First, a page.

The decision imposing the fine provides close insight into the CNIL’s expectations of data controllers’ security measures on-line, internally and in dealing with third-party processors.

In July 2014, the CNIL received a consumer complaint regarding the processing of passwords by a retail chain with over 400 stores in France. The CNIL conducted an on-site audit later that month, and issued a cease-and-desist to the retailer in December 2014. The CNIL, considering that the retailer only partially proved its compliance with the cease-and-desist, conducted a second on-site audit in February 2015. Further considering  that the retailer had not fully responded to the CNIL’s demands following the second audit, the retailer was convened to testify before the CNIL in June 2015.  After requisite due process, in November 2015 the CNIL  assessed a fine of EUR 50,000, citing several violations of the French Data Protection Law of January 6, 1978, as amended, for failure to adopt adequate security measures in respect of personal data controlled by the retailer.

Among the specific factors cited or implied by the CNIL:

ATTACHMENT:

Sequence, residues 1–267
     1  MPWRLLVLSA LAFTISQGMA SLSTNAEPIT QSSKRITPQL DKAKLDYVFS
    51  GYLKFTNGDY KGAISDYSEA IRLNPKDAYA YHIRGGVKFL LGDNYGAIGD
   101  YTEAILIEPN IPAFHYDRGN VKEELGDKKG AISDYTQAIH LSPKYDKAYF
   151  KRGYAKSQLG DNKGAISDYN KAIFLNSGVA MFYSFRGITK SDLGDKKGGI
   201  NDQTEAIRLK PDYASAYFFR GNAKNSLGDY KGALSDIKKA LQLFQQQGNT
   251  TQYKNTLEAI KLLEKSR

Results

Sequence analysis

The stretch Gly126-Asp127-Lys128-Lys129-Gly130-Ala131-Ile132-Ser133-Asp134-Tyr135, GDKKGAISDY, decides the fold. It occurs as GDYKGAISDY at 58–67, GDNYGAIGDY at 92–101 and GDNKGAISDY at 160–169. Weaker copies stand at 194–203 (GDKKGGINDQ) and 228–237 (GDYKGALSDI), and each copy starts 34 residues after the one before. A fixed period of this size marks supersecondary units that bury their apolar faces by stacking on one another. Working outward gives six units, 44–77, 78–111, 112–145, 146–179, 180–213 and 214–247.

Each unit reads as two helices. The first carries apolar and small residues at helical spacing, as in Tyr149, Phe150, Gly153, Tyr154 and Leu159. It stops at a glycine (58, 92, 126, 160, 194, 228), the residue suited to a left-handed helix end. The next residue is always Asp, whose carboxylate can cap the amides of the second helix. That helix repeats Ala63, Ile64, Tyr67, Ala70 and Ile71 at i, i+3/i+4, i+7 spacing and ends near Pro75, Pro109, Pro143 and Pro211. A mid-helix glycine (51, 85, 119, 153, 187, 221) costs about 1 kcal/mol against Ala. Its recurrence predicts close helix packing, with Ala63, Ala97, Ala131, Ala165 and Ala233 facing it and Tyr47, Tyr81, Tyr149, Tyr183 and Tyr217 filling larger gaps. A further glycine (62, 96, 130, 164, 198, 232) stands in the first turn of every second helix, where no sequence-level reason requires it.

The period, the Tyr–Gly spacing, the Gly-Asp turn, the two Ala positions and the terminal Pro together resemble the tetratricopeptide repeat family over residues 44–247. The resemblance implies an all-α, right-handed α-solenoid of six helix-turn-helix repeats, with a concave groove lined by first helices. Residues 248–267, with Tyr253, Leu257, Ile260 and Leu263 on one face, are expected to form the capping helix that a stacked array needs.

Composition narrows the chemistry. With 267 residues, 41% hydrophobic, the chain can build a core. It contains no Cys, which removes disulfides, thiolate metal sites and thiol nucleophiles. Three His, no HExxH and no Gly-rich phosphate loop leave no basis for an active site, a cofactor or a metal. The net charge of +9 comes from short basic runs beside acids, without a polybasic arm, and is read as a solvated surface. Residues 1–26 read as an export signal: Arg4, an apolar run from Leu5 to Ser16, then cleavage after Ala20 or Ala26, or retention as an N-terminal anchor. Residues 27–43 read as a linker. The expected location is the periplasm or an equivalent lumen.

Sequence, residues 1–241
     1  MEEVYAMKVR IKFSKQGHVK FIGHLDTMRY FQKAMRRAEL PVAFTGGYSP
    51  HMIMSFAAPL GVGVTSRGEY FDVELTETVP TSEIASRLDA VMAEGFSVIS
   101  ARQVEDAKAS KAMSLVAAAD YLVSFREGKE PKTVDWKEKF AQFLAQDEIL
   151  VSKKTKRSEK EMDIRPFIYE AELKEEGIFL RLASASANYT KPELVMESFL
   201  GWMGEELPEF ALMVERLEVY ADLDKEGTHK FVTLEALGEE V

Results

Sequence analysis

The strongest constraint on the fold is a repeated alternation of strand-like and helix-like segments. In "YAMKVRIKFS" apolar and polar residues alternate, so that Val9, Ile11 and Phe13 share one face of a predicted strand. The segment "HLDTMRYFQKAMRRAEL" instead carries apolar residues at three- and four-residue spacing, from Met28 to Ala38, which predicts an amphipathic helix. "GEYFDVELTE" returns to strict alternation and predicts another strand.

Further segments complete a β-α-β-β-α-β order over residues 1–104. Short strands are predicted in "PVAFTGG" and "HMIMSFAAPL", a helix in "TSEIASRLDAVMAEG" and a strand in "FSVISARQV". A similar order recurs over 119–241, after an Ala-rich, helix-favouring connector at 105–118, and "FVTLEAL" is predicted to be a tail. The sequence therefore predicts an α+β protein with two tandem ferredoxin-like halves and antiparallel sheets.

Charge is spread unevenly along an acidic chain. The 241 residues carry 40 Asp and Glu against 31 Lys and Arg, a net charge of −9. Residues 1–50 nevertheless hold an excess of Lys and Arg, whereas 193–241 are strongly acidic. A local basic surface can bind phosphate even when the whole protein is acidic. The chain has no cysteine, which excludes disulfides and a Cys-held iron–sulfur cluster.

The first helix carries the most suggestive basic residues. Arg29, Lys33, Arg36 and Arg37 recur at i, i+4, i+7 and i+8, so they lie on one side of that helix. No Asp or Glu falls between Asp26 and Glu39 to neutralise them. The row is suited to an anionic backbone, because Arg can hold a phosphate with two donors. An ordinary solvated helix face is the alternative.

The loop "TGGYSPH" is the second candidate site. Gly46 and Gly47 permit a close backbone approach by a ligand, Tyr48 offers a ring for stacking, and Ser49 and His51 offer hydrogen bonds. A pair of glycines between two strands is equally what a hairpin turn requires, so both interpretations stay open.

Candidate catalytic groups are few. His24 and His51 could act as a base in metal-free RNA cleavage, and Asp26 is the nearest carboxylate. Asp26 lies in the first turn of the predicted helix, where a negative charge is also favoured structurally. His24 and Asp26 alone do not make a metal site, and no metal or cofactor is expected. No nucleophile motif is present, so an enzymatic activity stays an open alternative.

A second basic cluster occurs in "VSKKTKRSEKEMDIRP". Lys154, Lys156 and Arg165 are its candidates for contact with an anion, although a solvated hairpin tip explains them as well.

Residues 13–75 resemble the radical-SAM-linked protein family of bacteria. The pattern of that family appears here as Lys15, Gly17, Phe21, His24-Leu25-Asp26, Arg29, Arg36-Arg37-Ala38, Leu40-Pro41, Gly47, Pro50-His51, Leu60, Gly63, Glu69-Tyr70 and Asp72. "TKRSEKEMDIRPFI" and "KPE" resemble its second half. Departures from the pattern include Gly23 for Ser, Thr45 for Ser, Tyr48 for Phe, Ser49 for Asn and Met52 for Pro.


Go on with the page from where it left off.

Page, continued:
• The retailer had not implemented HTTPS or another security protocol either on its website’s home page, from which users could log on to their accounts, or on the webpage allowing users to modify their passwords.
  • The retailer did not require complex passwords for website users; when the retailer changed its policy regarding passwords it did not require current users to change their passwords and so adopt complex passwords.
  • The retailer had no system for automatic renewal of passwords for employees performing back office functions for the website; instead, passwords were changed by the site administrator or a third-party service provider upon request from the marketing director.
  • The retailer had no specific password policy for access to company desktops.
  • Employees had access via Internet to back office functions, but access was by user name and password (no strong authentication).
  • Workstations were not equipped with automatic lock features. The fact that certain workstations are located in offices not accessible to the public was deemed insufficient.
  • The retailer’s contract with a third-party processor neither specified the security measures to be adopted by the processor, nor contained an undertaking from processor to keep confidential the retailer’s customers’ personal data.

This decision serves as a reminder that security measures must be periodically reviewed and updated to reflect technological advances, and internal policies just as external contracts should detail the security measures of data controllers and their data processors.